College Tuition In Texas Just Keeps Going Up
Other schools check in a 130% increase at Texas A&M, 102% increase at Texas Tech and 126% at University of Houston’s main campus in tuition and fees over the last five years.
At the University of Texas at Austin the estimated cost per year for a full-time student, including room and board, books, clothing and travel, went from $21,251 in 2003 to this year’s $36,796.
Brazos County state rep Fred Brown, chairman of budget and oversight for the Higher Education, tells Hair Balls, “We’ve seen some extraordinary increases. Frankly, I’m shocked. And I don’t understand it. The cost of living hasn’t increased anywhere close to that. In addition to that, we gave all the universities even more than they had anticipated in this last [session] through appropriations. So, for them to keep increasing every year, I just don’t understand it."
“And I think there’s going to be a push-back from the Legislature. I wouldn’t be a bit surprised if the Legislature put a halt to that, put a freeze on tuition increases.”
Brown has some advice on how to keep costs low for parents. First, take advantage of the lower costs at junior and community colleges. “Anybody that’s about to send their kids off, I think the best option is to get their core curriculum at a junior college or a community college. The savings there are substantial.”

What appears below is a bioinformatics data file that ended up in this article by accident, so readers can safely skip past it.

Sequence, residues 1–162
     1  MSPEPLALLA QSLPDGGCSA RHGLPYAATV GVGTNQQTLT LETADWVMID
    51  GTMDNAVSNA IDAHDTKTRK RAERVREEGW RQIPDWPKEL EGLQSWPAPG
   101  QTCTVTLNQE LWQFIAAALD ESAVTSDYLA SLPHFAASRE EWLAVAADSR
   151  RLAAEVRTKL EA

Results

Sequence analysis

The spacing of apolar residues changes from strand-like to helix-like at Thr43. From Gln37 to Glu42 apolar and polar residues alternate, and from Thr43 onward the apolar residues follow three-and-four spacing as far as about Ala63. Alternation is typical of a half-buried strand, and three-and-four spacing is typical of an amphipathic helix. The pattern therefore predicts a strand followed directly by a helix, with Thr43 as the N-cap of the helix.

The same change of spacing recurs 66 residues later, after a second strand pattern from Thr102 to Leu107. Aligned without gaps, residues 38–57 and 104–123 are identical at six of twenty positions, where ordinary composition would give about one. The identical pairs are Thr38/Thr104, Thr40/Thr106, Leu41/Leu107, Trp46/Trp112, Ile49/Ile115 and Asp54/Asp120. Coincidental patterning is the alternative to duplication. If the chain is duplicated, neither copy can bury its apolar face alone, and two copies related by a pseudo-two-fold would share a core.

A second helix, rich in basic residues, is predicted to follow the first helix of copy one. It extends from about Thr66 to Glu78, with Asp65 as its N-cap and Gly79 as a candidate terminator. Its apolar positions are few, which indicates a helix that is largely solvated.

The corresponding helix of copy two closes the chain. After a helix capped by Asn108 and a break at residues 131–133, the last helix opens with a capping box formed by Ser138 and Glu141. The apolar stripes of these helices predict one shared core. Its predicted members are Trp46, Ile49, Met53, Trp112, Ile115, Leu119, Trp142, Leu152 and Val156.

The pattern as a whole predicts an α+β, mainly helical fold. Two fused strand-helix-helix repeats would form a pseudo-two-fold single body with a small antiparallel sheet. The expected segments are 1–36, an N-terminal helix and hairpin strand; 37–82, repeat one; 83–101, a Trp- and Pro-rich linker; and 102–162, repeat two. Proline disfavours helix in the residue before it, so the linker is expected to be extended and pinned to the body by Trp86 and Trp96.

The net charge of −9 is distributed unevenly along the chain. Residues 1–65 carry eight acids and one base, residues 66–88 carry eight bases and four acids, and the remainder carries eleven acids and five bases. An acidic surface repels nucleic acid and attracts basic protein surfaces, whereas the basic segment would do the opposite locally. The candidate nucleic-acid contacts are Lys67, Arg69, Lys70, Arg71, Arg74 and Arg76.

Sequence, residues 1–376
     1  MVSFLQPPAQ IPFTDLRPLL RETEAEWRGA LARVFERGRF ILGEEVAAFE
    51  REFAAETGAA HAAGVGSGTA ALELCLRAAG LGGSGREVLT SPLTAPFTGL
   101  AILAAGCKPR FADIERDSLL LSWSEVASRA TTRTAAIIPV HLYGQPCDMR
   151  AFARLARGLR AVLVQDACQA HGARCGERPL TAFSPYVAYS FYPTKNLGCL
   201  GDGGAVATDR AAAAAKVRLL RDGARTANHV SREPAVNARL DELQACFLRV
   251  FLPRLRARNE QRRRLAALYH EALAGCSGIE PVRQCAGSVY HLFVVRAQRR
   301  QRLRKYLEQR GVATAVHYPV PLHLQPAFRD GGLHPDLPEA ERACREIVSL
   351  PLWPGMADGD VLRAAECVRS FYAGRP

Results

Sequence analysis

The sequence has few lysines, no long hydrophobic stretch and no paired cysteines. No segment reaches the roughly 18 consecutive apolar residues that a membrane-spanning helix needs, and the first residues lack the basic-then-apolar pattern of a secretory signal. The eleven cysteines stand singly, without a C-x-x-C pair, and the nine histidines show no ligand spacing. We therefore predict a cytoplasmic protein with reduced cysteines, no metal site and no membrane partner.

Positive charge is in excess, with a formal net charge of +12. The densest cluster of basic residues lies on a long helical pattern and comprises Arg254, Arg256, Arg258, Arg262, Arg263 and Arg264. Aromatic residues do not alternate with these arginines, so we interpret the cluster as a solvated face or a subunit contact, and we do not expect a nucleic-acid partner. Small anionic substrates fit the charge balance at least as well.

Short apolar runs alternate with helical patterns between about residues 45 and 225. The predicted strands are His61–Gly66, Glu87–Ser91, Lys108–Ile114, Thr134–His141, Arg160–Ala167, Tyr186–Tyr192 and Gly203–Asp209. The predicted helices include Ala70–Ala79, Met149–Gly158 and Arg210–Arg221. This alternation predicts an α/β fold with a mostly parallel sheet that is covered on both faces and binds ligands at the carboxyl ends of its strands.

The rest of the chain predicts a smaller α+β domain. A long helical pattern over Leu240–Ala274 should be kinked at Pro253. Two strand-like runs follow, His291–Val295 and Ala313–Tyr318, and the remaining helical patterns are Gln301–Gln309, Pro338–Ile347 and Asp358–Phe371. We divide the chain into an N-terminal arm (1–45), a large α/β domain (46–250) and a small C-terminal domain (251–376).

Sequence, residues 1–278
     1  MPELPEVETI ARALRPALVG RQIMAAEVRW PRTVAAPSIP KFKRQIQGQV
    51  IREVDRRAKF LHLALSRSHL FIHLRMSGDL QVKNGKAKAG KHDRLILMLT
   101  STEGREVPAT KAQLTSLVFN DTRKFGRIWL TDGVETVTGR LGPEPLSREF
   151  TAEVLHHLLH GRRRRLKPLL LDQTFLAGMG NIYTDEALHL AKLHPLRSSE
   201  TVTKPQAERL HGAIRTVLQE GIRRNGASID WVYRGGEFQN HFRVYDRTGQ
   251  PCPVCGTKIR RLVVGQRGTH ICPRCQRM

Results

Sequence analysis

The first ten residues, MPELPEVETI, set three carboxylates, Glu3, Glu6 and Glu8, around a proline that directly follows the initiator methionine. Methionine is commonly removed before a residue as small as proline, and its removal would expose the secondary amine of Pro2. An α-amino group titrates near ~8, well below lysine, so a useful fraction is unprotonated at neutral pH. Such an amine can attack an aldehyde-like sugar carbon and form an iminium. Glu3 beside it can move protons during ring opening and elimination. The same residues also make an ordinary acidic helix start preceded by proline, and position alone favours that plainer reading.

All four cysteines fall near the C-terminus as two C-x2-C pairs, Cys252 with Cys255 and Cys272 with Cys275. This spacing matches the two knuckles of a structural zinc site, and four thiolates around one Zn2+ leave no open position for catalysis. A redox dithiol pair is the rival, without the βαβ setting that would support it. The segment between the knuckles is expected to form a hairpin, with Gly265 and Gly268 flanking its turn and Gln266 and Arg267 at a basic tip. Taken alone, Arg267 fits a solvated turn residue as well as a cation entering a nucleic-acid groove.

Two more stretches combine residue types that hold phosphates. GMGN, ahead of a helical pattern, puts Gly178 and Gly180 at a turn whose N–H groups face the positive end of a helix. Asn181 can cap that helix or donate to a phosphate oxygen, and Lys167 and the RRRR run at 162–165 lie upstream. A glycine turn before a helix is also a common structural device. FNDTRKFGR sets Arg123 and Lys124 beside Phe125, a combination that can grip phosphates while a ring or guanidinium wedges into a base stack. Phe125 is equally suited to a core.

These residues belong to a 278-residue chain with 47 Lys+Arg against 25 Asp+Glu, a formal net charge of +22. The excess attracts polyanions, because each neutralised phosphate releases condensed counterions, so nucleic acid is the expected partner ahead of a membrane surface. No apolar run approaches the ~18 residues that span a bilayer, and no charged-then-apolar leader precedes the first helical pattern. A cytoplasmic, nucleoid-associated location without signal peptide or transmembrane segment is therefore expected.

Second, Brown advises students take classes that will give them college credit while they are still in high school. That includes AP classes or special curriculums where student stay in HISD for an extra year after graduating and earn their first year of college credits.
“We have many students that are taking college curriculum courses in high school so that a huge number of students start off college as a sophomore or even junior, and that’s wonderful and of course, cheaper.”
Third, students should take a full load of classes every semester. “Full-time students in Texas take an extraordinarily long time to graduate, which adds to the total cost of their college education. At A&M and UT, for example, 72% of their students take six years to get a four-year degree. Now both of those institutions don’t teach any night classes for their core curriculum and they only have a 48% classroom utilization rate, so part of the problem is the institution, but part of the problem is also the students who want to take fewer and fewer hours each year. If you take 15 hours every semester, you can graduate in 4 1/2 years.”
And finally, Brown is working on a bill that will decrease the requirement for political science and history classes in college. “I don’t think that we should teach the same course in high school that we then turn right around and teach as a core curriculum class in college.” (We’re guessing he’ll have the support of lots of students on that one, even if some history and poli-sci professors get a little miffed.)
“We have to do something to stabilize the cost of our tuition prices across the state," he says.
— Olivia Flores Alvarez